It is a great honour to serve under your chairmanship once again, Mr Paisley. Naturally, I congratulate James Gray on securing this important debate and acknowledge his track record on environmentalism, which was stated clearly at the beginning of the debate and throughout.
Many Members have today taken the opportunity to talk about developments in their constituency, with a common focus on what is termed brown-belt and former industrial sites first, such as the roofs of car parks, warehouses, schools and housing developments—I think even trains were suggested by my hon. Friend Matt Rodda. That was acknowledged and concurred with by Virginia Crosbie, my right hon. Friend Valerie Vaz and others. A significant number of interventions were made by Members who are no longer present.
I have a sizable farming community in my Weaver Vale constituency. At a recent meeting of the National Farmers Union at Warburtons Farms in Frodsham, the consensus was that fertile agricultural land should not be used at scale for solar farms, a point that has been eloquently made in today’s debate. Unfortunately, too many farmers feel that they have little choice but to sell land for development, whether that is housing development or solar farms. In part, that is driven by the insecure nature of the financial support in the new subsidy arrangements that farmers now face. They were promised not a penny less, but the reality is somewhat different.
The justified concerns about the local impact of solar farms must be weighed against our inescapable need to build renewable energy, and lots of it, over the coming years in order to meet our net zero target by 2050. Renewable energy, including solar energy, must be built, and it must be built somewhere. It is always easy for someone to say that they are in favour of renewable energy in principle; it is much harder to say that they are in favour of renewable energy in a specific location. Members from across the Chamber have made very considered speeches about the circumstances in which we should build solar farms, and I agree that we need to be clear about the need for a strategic approach, so that we can understand exactly what we need and where it needs to go. However, it certainly needs to go somewhere, and that should be our starting point.
With the costs of fossil fuels soaring, wind and solar power are the keys to bringing down costs for customers, ensuring energy security in the face of the Ukrainian war and fighting climate change, yet the Government are intentionally limiting access to the cheapest, quickest and cleanest forms of new power by stopping the production of enough onshore wind and solar energy to power 3 million homes. Members have today made some great suggestions regarding where that energy capacity should be built. Instead, we have a Chancellor who has just handed a £1.9 billion tax break to producers of oil and gas that could pump nearly 900 million tonnes of greenhouse gases into our atmosphere. Our climate and our constituents will pay the price for the Government doing the unthinkable and backing the fossil fuel industry, despite claiming to have the admirable target of reaching net zero by 2050. What assurances can the Minister give that the Chancellor of the Exchequer’s apparent green light for the fossil fuel industry will be revisited with a sense of urgency and with funding redirected to renewables, developed in the right places? Why not incentivise, as people have said? We simply cannot reach the kinds of targets that we need to be reaching by limiting ourselves to small-scale urban solar farms. That will involve larger-scale projects over the 50 MW rate that at the moment qualifies a proposal as a nationally significant infrastructure project.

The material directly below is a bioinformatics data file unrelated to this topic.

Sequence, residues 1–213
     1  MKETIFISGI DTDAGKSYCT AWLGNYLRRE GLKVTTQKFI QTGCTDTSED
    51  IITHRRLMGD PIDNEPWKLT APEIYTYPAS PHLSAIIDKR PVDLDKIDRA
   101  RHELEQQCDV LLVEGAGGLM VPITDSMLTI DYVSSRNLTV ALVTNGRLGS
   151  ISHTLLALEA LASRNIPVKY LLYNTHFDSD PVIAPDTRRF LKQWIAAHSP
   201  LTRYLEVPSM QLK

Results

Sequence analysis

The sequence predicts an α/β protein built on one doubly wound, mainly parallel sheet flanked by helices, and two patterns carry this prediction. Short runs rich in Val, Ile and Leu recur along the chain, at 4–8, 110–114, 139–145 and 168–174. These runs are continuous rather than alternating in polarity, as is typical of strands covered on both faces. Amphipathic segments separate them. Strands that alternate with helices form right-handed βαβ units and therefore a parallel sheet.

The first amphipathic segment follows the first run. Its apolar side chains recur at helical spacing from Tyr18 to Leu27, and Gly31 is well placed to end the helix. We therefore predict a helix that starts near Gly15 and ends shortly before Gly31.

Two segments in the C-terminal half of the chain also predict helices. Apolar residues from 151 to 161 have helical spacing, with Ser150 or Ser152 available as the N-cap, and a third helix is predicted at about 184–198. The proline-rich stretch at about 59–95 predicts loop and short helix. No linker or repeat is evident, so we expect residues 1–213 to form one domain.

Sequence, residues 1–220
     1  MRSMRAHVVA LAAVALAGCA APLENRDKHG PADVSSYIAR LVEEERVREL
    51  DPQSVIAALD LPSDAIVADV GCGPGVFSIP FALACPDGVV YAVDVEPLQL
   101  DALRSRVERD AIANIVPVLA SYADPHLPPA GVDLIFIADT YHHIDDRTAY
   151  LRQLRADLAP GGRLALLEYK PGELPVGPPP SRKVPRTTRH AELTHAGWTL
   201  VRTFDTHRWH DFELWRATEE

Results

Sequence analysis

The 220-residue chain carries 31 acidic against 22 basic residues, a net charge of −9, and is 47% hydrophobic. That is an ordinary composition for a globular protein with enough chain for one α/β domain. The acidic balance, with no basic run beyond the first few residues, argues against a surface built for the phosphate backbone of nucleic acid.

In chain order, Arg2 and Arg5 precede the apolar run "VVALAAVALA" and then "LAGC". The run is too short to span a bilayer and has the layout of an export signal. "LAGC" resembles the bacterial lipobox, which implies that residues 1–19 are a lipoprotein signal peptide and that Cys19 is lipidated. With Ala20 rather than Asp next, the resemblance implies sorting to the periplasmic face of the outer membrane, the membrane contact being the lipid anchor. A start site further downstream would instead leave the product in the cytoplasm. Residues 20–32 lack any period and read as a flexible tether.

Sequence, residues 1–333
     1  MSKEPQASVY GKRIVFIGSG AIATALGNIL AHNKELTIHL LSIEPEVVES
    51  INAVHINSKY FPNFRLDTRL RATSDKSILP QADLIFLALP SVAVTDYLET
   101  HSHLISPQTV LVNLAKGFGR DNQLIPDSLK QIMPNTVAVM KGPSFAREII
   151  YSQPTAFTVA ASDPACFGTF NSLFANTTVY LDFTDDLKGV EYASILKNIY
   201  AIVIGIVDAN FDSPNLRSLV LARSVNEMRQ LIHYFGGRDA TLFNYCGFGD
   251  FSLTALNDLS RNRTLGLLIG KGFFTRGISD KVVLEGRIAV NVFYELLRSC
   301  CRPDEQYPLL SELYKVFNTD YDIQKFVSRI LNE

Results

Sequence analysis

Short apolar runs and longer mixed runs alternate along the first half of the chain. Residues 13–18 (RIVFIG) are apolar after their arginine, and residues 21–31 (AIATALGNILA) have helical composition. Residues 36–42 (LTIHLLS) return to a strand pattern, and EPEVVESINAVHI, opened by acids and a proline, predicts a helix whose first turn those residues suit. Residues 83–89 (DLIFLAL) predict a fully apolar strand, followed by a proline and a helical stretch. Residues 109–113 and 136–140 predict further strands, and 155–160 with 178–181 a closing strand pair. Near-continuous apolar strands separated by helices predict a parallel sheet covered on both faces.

Where we have common ground in today’s debate is in our desire on location. The negative impacts should be minimised using sensitive planning that focuses on previously developed and non-agricultural land that is not of high environmental value. Indeed, that is stated in the national planning policy framework. Surely a locally led planning system should shape developments and they should not be dictated—that could be done by the current Secretary of State or, certainly, future ones.
Unfortunately, the centralisation and power grab by the current Secretary of State is given rocket fuel by proposed new subsection (5C) of section 38 of the Planning and Compulsory Purchase Act 2004, in clause 83 of the Levelling-up and Regeneration Bill, which is having its Second Reading today. That subsection states that any conflict between the development plan and a national development management policy
“must be resolved in favour of the national development management policy.”
I look forward to seeing the amendments, which will inevitably be laid, and attempts to remove that provision in favour of locally led planning systems and arrangements.
Testing has been carried out on the benefits of solar energy, and the overwhelming evidence is that, despite small impacts, the benefits of solar outweigh the costs as long as appropriate land is used. The public support a move to renewables, but they know that we need to build in the right place, using the appropriate land. I ask the Minister—I think the need for this has been reaffirmed today—to look again at some of the clauses in the current Bill that centralise the planning process and override local concerns, but also, very importantly, to incentivise renewables.